Bad date stories. Most of us probably have a few. It’s the stuff of being alive and wanting to make a connection.
Those funny tales are the sugary coating to Theresa Rebeck’s 2003 show, “Bad Dates,” a 90-minute, one-woman performance that dives deeper than its outer layer might suggest.
“It’s a play about shoes, clothes and dating, with an interesting, soulful, beautiful underbelly,” said director Joye Cook-Levy.
The show opens Friday at Colorado Springs Fine Arts Center at Colorado College and runs through May 26.
Haley Walker, single mom of a teenager, is re-entering the world of dating after an eight-year hiatus. During her self-imposed celibacy, she’s risen through the New York City dining ranks and become the manager of a trendy restaurant. How she got there is a juicy story, as are the multiple tales of her attempts to find love, told from inside her cozy bedroom.
A show that might seem lighthearted from the outset becomes dotted with suspicious morsels: mobsters, piles of cash, disgruntled former employees. Cook-Levy says it’s the playwright’s fascination with the world of crime peeking through, a theory supported by Rebeck’s writing gigs for “Law and Order: Criminal Intent,” “L.A. Law” and “NYPD Blue.”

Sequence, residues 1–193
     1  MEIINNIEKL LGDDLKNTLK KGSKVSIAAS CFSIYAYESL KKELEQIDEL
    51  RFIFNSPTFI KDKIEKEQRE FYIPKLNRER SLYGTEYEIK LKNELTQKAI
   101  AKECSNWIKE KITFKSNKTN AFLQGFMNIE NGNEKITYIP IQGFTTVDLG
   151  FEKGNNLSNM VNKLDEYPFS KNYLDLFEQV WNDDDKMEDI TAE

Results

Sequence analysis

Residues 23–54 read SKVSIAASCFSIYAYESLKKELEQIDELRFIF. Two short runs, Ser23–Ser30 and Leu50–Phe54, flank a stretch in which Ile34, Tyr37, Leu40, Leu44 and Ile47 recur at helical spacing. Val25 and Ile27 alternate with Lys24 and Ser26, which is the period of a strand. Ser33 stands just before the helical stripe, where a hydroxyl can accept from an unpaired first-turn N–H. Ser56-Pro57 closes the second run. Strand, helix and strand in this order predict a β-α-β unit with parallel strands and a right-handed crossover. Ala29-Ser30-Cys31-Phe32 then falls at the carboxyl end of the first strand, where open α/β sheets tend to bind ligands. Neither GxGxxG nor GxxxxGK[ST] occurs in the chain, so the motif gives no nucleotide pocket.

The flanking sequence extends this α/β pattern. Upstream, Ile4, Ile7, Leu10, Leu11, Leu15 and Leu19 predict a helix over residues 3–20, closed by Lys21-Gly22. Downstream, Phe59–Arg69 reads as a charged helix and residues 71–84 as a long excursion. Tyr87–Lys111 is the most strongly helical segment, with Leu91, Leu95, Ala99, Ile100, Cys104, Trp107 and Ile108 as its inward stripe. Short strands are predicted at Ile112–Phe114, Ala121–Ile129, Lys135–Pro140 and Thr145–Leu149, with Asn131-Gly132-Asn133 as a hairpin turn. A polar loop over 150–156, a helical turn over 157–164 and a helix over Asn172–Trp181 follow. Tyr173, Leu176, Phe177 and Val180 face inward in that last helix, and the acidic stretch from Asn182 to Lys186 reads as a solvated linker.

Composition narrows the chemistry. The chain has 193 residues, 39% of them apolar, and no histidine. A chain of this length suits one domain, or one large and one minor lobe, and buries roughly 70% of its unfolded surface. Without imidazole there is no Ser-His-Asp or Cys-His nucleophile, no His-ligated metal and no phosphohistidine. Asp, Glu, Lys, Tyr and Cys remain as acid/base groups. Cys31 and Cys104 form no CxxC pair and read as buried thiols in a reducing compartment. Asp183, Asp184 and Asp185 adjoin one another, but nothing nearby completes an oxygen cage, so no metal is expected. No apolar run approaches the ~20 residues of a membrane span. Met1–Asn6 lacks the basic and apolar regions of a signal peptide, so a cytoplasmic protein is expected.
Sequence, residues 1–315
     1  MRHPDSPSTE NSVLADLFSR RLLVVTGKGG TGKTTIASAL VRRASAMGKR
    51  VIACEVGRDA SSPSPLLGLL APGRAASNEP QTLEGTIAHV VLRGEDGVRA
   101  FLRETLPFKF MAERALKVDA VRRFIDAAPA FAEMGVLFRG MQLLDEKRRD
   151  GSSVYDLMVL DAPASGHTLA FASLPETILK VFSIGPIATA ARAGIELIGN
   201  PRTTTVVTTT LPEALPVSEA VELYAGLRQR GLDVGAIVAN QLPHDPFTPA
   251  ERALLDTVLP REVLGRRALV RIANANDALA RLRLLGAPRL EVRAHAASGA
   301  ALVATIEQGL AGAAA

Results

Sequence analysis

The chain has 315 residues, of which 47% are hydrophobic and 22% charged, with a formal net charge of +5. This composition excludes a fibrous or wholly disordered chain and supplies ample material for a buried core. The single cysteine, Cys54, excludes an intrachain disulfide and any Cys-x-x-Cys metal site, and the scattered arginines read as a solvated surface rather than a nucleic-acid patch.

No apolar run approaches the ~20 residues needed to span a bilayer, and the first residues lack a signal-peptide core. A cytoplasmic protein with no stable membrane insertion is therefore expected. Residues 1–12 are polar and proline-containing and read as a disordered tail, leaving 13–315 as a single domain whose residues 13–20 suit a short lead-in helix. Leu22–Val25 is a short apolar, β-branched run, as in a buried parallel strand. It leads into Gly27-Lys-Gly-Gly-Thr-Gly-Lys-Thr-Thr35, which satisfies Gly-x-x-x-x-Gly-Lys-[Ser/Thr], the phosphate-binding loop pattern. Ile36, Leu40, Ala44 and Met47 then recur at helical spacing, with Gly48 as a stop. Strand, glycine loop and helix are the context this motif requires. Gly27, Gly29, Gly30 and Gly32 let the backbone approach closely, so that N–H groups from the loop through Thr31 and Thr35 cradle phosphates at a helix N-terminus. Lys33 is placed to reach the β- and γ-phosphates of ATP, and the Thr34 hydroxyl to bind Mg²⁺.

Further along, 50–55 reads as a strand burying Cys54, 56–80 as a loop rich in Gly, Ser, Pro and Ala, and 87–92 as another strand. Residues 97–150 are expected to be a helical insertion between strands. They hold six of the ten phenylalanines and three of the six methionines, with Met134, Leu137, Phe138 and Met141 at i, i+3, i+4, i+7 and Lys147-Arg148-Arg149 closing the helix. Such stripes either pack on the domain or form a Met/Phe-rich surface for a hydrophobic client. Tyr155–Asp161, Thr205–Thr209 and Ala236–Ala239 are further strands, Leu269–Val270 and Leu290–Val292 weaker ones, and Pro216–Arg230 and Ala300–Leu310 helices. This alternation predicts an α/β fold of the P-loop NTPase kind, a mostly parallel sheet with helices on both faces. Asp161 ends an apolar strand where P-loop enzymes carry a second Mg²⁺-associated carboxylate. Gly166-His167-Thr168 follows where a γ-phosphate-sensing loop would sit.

“...like comfort food — say, barbecued chicken and garlic mashed potatoes — it goes down pretty easy. ... Ms. Rebeck writes with an offhand savvy that gives this slight play a disarming informality, as though Haley were on a pre-date or post-date date — with us,” wrote New York Times critic Bruce Weber in 2003.
As the play proceeds, the audience learns that while Haley has juggled motherhood and career, she’s made poor decisions involving some shady characters. But don’t rush to judge. Those choices were born of a struggle to be independent.
“We need each other,” Cook-Levy said. “We don’t have to be feminist warriors and do everything by ourselves. There’s a lot more to this play than what was on the surface of it.”
Denver-based actor Megan Van de Hey stars as Haley.
“She’s the kind of actor who delves into all the layers, of discovering love and the psychology of things,” Cook-Levy said. “She’s a powerhouse on stage. You just lean in and wonder what she’s going to do.”
JENNIFER MULSON, THE GAZETTE, 636-0270, JEN.MULSON@GAZETTE.COM